When you remove the junk from your shopping cart you'll be amazed at how much is left for fruits, vegetables, fresh fish and lean meats.

BTW: The cost per calorie metric is also bogus.

Oh yeah... Straight orange juice is way too sweet for me. Quarter of a glass of juice then fill to the top with water. It goes a long way.

meaculpa2011

(918 posts)
76. I just bought a 4-pound package at...
Sun Nov 9, 2014, 11:33 AM
Nov 2014

Stop 'n Shop in NYC for $1.99 per pound. Literally, ten minutes ago.

There's also a butcher shop nearby that sells for that price every day.

I thought that NYC had the highest prices. Where are you?

meaculpa2011

(918 posts)
100. Wow! There are tradeoffs, I suppose.
Mon Nov 10, 2014, 07:12 AM
Nov 2014

We have supermarkets every few blocks so I can shop around for groceries.

Of course, rent for a tiny one bedroom apartment starts at $2,000 per month.

The cost of high ticket items here (housing, taxes, insurance...) are astronomical.

It's a real struggle for most young people. We're well established, but just our housing expenses amount to nearly $3,000 per month. And we don't even have a mortgage. A young family in their first home would then have to add $2,000-$3,000 more in mortgage expense.

We're contemplating a move because we can cut our fixed expenses by more than half. Being a city dweller for 60+ years I'm not sure I can even think about rural life.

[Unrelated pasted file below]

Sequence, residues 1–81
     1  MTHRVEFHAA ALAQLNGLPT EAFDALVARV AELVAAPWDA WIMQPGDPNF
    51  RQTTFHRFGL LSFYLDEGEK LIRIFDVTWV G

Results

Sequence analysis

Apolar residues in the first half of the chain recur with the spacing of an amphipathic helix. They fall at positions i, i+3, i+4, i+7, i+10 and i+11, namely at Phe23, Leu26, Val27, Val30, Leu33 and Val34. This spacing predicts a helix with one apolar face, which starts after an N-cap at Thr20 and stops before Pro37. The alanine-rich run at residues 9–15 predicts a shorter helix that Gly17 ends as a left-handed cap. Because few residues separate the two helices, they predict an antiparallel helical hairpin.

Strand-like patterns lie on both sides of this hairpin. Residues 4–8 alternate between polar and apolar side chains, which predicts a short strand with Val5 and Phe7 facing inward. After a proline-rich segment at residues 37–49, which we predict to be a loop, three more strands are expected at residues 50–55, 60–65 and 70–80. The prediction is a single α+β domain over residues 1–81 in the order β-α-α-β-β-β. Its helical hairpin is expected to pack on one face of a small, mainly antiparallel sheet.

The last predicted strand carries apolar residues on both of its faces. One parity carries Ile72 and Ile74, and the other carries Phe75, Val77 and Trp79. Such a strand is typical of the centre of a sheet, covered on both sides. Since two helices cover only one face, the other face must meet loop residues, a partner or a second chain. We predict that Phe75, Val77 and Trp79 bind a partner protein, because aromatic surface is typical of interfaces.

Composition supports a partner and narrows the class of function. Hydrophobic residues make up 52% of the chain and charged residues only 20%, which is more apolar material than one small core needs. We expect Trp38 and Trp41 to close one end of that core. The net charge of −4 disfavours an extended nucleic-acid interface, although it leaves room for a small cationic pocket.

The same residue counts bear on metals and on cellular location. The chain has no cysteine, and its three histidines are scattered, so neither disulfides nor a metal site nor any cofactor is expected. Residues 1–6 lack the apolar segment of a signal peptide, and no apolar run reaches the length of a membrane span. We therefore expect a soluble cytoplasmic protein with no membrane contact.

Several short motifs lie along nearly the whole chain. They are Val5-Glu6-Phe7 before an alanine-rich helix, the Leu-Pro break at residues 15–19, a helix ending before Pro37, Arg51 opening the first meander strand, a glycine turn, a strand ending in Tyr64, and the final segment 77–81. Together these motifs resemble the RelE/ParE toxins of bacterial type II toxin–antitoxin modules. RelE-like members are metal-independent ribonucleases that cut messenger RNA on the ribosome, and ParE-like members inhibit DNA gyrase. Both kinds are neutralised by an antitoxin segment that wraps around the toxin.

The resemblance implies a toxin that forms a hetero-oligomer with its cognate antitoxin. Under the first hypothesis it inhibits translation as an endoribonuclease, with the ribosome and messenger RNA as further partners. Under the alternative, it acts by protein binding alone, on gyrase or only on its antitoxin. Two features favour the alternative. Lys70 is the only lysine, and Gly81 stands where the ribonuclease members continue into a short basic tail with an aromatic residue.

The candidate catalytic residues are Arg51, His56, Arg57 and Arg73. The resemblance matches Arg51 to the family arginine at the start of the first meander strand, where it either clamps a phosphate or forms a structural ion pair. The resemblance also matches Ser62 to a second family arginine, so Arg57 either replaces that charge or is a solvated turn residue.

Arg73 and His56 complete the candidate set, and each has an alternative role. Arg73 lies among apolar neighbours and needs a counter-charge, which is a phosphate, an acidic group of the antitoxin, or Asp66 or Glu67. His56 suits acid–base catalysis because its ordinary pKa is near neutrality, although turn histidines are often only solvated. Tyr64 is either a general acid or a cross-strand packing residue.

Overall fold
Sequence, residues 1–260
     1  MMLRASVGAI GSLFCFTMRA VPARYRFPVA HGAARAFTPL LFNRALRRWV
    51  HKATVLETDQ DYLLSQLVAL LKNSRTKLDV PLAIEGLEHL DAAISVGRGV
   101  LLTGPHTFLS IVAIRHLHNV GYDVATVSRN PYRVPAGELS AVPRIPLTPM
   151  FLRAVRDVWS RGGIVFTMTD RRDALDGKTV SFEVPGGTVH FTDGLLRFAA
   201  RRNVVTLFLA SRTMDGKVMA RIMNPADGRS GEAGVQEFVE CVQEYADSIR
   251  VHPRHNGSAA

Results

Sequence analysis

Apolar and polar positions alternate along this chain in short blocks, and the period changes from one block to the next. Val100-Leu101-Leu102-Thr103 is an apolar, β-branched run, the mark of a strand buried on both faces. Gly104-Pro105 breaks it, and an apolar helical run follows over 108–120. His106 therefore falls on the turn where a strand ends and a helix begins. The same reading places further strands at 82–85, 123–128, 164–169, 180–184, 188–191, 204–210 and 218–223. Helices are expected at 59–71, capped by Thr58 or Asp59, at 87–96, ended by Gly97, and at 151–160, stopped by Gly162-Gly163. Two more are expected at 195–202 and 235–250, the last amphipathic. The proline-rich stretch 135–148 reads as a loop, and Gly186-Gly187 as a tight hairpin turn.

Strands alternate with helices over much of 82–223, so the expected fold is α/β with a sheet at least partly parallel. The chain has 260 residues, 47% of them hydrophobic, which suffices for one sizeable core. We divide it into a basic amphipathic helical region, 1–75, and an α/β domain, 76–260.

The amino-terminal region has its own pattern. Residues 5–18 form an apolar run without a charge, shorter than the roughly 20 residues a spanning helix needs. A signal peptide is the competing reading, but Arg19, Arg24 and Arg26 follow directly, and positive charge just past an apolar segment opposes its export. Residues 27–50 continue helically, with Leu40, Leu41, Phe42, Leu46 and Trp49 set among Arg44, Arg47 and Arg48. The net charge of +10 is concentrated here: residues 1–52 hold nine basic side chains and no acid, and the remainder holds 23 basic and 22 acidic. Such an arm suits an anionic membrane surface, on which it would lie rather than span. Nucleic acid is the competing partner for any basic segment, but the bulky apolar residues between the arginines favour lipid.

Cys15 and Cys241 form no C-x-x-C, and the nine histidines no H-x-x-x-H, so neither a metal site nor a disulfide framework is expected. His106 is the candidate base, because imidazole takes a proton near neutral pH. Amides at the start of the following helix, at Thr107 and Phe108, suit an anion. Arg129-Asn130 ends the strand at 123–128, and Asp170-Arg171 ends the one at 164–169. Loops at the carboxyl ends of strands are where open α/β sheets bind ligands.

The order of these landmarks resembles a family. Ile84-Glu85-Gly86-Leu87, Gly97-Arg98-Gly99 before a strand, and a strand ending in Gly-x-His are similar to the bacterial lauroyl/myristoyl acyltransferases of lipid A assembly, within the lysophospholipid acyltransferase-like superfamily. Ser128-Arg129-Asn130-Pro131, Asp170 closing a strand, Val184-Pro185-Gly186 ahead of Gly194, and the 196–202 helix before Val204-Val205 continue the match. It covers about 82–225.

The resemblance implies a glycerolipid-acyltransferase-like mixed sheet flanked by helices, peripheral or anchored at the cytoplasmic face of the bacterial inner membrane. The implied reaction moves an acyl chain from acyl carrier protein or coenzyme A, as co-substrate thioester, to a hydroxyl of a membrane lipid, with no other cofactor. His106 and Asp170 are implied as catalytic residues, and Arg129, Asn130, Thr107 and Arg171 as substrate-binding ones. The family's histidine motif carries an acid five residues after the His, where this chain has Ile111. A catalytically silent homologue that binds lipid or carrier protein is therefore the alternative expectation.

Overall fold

MillennialDem

(2,367 posts)
103. I hear you - I almost fell over when I went to NYC for the cost of one night in a hotel room. PLUS
Mon Nov 10, 2014, 08:12 AM
Nov 2014

as you said "the rent is too damn high". My mortgage AND property taxes for a home with 1300 square feet (plus 1300 square feet in the basement AND 1300 square feet in the attic) is $1200/month.

But going anywhere is inconvenient and as you've seen the cost of healthy food is astronomical. The only thing I wouldn't like about city life (besides the costs) would be the lack of open space for winding up a sports car.

meaculpa2011

(918 posts)
107. I'm very content riding my bike...
Mon Nov 10, 2014, 09:54 AM
Nov 2014

at the speed limit.

We have a very long stretch of oceanfront here that's a real pleasure to ride. I can make a forty mile circuit completely surrounded by water. If I want long winding "country" roads I have to travel far north or farther west.

Life is about compromise.

P.S. I also love riding in the city, but I've been sideswiped and rear-ended more than once. Lost my 1984 Honda in Sandy and I've been preoccupied with house repairs. I'll start shopping for a new bike in a few months.

FrodosPet

(5,169 posts)
108. Wow!
Mon Nov 10, 2014, 09:55 AM
Nov 2014

I was floored when I saw boneless breast was $3.50 a pound in Michigan. Are you in Alaska or Hawaii or NYC? How bad are frozen vegetables? Bird's Eye here are about $1.50 to $1.66 a pound (3 bags for $5.00 on my latest trip to the store)

Response to MillennialDem (Reply #59)

woodsprite

(11,969 posts)
109. I told my family that the next time they eat any steak, it'll be in a restaurant.
Mon Nov 10, 2014, 10:11 AM
Nov 2014

I certainly can't cook it like a chef can, and the darned price was $22 for two small, not so great looking strip steaks at the store last night. We need at least 3 to feed 4 of us (so 2 packs). My just turned 14yo son is starting on another growth spurt, which I certainly don't mind, but I'm having to fill out meals with things we don't usually have for dinner. I've added one or two of the following at dinner: biscuits, muffins, potatoes, dumplings, pasta, yogurt or cottage cheese.